ResearchImpact-RéseauImpactRecherche is pleased to publish a post by guest blogger Robyn Schell who contacted David Phipps (RIR-York) after reading his paper published in December 2011 in Scholarly & Research Communications.
I’m Robyn Schell and I am a founding member of our fledgling BC KTE group in Vancouver. We keep in close touch with Ontario Knowledge Transfer and Exchange Community of Practice.
When I read David Phipps’ article about the KTE program at York, I realized I could apply this information right away. I’m a PhD student in the Ed Tech/Learning Design program at Simon Fraser University. I had been asked to review five important papers in relation to a study I conducted this spring about faculty’s experience of transitioning from face-to-face to online teaching at a community college. This, I decided, was a golden opportunity to write “clear language research summaries” as David described in his paper.
I had a very positive response (ie: “LOVE the clear structure, nice!”). Rather than obscuring the core details in an avalanche of information in a ten page document, I organized the highlights of each paper under sections as shown in the color coded list below.
I wrapped up the each summary by posing a “burning” question about the research that examined the content of the research or suggested how one could build on research in the future.
Questions you need to answer in a Clear Language Research Summary
- What do you need to know about the research summarized in two or three sentences?
- What is this research about?
- What did the researchers do (this turned out to often be quite mysterious and rather vague)
- What did the researchers find? (sometimes not congruent with the original research question)
- How can you use this research? (I improvised with: how is this research useful and why?)
- Burning Question (added by us not David Phipps)
Here’s a truncated example of how I applied clear language summary framework with questions numbered to match the summary questions above.
Teaching college courses online versus face-to-face (Smith, Ferguson, & Caris, 2001)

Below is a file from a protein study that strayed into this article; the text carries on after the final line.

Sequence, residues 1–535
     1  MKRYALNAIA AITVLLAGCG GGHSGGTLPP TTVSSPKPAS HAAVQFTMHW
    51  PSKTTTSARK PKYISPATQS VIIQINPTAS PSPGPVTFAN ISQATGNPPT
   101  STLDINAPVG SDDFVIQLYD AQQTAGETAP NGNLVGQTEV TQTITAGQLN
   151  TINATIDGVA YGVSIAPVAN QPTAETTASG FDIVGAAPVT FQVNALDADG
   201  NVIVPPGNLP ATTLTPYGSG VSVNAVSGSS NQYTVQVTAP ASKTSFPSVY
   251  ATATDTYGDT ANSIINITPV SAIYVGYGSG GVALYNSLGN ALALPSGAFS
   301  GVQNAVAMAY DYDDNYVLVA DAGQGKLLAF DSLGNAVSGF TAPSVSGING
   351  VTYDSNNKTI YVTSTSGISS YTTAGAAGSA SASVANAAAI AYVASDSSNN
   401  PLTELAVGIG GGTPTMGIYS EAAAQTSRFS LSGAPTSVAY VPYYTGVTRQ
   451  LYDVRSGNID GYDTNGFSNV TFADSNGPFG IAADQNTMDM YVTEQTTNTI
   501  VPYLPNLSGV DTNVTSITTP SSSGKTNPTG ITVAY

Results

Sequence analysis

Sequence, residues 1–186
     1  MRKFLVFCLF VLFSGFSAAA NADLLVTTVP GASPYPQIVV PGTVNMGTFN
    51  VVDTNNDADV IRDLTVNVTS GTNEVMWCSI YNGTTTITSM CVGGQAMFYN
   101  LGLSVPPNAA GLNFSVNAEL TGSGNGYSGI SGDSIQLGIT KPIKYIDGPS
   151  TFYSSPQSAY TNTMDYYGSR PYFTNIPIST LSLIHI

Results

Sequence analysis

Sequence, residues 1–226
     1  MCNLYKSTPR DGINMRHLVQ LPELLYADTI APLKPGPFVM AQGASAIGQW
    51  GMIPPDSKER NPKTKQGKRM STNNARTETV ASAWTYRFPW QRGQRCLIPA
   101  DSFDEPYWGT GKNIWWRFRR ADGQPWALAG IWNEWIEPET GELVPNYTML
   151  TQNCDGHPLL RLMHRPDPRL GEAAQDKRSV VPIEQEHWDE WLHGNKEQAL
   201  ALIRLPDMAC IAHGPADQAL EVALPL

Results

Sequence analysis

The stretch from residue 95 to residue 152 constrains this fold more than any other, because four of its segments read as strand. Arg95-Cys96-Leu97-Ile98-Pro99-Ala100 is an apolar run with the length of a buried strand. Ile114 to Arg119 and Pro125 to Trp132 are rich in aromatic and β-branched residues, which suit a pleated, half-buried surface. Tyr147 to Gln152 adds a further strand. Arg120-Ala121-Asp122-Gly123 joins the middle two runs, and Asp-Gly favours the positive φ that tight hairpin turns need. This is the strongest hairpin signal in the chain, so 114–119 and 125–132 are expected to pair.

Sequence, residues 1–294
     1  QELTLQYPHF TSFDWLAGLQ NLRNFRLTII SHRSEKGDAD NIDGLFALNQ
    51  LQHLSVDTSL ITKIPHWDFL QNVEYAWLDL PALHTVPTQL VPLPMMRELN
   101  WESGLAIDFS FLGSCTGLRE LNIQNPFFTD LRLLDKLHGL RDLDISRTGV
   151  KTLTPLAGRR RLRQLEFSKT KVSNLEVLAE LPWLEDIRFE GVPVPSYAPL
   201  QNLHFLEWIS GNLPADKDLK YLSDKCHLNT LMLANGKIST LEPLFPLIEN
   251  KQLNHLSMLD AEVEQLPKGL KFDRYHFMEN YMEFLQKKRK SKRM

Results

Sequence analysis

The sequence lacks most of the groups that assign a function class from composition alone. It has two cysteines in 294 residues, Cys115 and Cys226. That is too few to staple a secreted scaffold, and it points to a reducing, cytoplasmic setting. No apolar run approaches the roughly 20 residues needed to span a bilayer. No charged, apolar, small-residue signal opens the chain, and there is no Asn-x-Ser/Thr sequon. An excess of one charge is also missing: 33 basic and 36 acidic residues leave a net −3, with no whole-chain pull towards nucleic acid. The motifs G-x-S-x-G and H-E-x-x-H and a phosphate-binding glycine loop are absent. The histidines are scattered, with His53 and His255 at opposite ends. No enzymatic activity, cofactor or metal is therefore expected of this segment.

- What do you need to know about this research? This research explores the perceptions of instructors moving from a face-to-face teaching to teaching online.
- What is this research about? This research seeks to understand the experience of professors teaching online.
- What did the researchers do? The researchers interviewed 21 instructors who had taught both online and in the classroom. The interview included open ended or Likert scale questions. They counted the number of times a theme was encountered to identify major themes.
- What did they find? The researchers found the instructors’ face-to-face teaching experience was not enough to ease their transition to the online environment. Instructors noted the need to plan in detail well in advance of online course delivery. The instructors claimed their online experience led them to rethink how they delivered their course in both modes.
- How is this research useful and why? This research stresses the importance of instructors’ need to more fully understand the online environment before teaching in the online classroom.
- Burning Question: Have the issues related to instructors’ transition to the online classroom changed in the years since this paper was published?
In conclusion, by applying the short paper summary method outlined in David’s paper, I was able to target and condense important information about each article I reviewed to provide my audience with information they could quickly access and assess in relation to their own work.
You can contact Robyn about this piece at email@example.com. You can also contact her if you would like more information about BC KTE community of practice. Our next meeting is June 11 2012 in Vancouver.
Phipps, David. (2011) A Report Detailing the Development of a University-Based Knowledge Mobilization Unit that Enhances Research Outreach and Engagement. Scholarly and Research Communication, 2 (2): 020502, 13 pp. Available here
Smith, G. G., Ferguson, D., & Caris, M. (2001). Teaching college courses online versus face-to-face. T.H.E. Journal, 28 (9), 18 – 22, 24, 26.